The xx
Lv 4
The xx asked in Society & CultureLanguages · 10 years ago

Can you translate these into something that I can understand?

They are from Shakespeare's A Midsummer Night's Dream, Act 1 Scene 1.

With feigning voice verses of feigning love.

of strong prevailment in unhardened youth.

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  • pibe
    Lv 7
    10 years ago
    Best Answer

    Original Text

    EGEUS

    Full of vexation come I with complaint

    Against my child, my daughter Hermia.—

    Stand forth, Demetrius.—My noble lord,

    This man hath my consent to marry her.—

    Stand forth, Lysander.—And my gracious duke,

    This man hath bewitched the bosom of my child.—

    Thou, thou, Lysander, thou hast given her rhymes,

    And interchanged love tokens with my child.

    Thou hast by moonlight at her window sung

    With feigning voice verses of feigning love,

    And stol'n the impression of her fantasy

    With bracelets of thy hair, rings, gauds, conceits,

    Knacks, trifles, nosegays, sweetmeats—messengers

    Of strong prevailment in unhardened youth.

    With cunning hast thou filched my daughter’s heart,

    Turned her obedience (which is due to me)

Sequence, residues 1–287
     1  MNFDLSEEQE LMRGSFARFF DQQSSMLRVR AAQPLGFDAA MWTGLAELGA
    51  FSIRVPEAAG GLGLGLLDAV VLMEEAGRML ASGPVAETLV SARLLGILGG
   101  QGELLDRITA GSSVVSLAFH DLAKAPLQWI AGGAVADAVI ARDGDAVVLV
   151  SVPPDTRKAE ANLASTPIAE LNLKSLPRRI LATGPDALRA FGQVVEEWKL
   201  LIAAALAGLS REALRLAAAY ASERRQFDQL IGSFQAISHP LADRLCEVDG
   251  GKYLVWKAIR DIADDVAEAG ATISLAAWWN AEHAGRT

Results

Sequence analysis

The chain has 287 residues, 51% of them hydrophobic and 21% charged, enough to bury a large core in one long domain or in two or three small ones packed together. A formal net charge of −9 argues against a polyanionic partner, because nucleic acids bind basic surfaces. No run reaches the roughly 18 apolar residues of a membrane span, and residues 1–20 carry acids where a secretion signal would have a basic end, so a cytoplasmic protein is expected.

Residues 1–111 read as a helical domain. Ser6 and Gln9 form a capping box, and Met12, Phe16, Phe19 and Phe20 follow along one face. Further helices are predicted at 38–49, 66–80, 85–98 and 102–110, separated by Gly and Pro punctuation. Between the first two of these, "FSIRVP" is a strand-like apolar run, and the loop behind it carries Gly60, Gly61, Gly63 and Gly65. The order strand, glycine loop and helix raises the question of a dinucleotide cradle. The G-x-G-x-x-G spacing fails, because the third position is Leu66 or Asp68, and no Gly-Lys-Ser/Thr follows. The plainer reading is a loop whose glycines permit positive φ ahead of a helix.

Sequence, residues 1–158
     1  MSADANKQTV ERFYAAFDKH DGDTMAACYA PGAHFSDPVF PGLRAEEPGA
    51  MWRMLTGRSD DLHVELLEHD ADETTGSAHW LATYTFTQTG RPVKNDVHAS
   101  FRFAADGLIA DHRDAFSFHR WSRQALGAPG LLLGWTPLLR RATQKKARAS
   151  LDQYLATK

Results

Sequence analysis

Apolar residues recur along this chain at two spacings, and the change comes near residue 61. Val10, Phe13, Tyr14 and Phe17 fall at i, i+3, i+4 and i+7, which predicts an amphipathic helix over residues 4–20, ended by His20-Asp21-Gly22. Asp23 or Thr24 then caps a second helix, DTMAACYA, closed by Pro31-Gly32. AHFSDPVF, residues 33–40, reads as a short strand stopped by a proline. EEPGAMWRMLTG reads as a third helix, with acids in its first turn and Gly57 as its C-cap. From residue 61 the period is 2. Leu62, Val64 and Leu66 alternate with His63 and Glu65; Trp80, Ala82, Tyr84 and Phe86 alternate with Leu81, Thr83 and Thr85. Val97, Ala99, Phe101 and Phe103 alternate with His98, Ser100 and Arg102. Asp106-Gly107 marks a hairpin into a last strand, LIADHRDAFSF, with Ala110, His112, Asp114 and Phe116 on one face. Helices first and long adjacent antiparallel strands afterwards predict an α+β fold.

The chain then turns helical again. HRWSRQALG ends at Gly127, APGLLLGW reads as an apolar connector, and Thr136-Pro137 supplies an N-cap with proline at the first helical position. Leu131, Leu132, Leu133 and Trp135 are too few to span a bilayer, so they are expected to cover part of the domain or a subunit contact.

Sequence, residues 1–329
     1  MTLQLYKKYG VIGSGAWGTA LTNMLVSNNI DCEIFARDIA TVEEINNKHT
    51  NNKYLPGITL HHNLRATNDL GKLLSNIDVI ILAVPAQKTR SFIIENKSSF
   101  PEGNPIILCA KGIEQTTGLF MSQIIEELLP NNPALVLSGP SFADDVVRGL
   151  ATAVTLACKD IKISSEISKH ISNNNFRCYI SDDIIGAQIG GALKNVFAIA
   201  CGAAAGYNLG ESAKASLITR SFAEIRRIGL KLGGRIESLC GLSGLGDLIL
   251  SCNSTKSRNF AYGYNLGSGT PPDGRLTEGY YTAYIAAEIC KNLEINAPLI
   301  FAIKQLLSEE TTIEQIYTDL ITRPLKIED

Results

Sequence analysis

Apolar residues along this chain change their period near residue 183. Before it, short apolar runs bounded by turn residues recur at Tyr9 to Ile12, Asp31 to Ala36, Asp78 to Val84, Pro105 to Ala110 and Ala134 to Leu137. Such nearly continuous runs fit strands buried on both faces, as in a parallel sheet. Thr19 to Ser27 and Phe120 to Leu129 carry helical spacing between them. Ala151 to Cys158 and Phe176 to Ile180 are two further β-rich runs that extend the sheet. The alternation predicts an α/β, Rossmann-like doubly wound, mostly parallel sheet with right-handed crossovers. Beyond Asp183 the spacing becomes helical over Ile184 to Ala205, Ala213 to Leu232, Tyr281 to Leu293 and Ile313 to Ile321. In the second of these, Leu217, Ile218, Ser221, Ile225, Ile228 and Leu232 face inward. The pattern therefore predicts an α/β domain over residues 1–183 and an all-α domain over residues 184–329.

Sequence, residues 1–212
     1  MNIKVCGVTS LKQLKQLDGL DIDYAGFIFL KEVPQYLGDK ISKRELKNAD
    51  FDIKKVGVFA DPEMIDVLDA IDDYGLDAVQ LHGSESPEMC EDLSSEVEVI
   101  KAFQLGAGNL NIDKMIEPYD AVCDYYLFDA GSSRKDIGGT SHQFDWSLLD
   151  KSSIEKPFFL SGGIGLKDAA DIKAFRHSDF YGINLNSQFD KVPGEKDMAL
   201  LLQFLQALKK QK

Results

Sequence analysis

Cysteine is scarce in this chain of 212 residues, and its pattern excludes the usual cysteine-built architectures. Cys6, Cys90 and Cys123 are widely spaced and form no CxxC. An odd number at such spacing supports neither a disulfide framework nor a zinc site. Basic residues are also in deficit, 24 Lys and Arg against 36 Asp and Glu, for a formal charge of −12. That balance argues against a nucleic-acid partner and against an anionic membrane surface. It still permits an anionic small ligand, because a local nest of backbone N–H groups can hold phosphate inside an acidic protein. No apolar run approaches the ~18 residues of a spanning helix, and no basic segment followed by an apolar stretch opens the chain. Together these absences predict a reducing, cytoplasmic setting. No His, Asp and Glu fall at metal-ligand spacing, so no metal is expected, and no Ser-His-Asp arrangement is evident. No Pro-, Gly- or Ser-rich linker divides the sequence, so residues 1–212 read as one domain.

To stubborn harshness.—And, my gracious duke,

    Be it so she will not here before your grace

    Consent to marry with Demetrius,

    I beg the ancient privilege of Athens.

    As she is mine, I may dispose of her—

    Which shall be either to this gentleman

    Or to her death—according to our law

    Immediately provided in that case

    Modern Text

    EGEUS

    I’m here, full of anger, to complain about my daughter Hermia.—Step forward, Demetrius.—My lord, this man, Demetrius, has my permission to marry her.—Step forward, Lysander.—But this other man, Lysander, has cast a magic spell over my child’s heart.—You, you, Lysander, you’ve given her poems, and exchanged tokens of love with my daughter. You’ve pretended to be in love with her, singing fake love songs softly at her window by moonlight, and you’ve captured her imagination by giving her locks of your hair, rings, toys, trinkets, knickknacks, little presents, flowers, and candies—things that can really influence an impressionable young person. You’ve connived to steal my daughter’s heart, making her stubborn and harsh instead of obedient (like she should be).—And, my gracious duke, if she won’t agree to marry Demetrius right now, I ask you to let me exercise the right that all fathers have in Athens. Since she belongs to me, I can do what I want with her—as the law says: I can either make her marry Demetrius—or have her killed.

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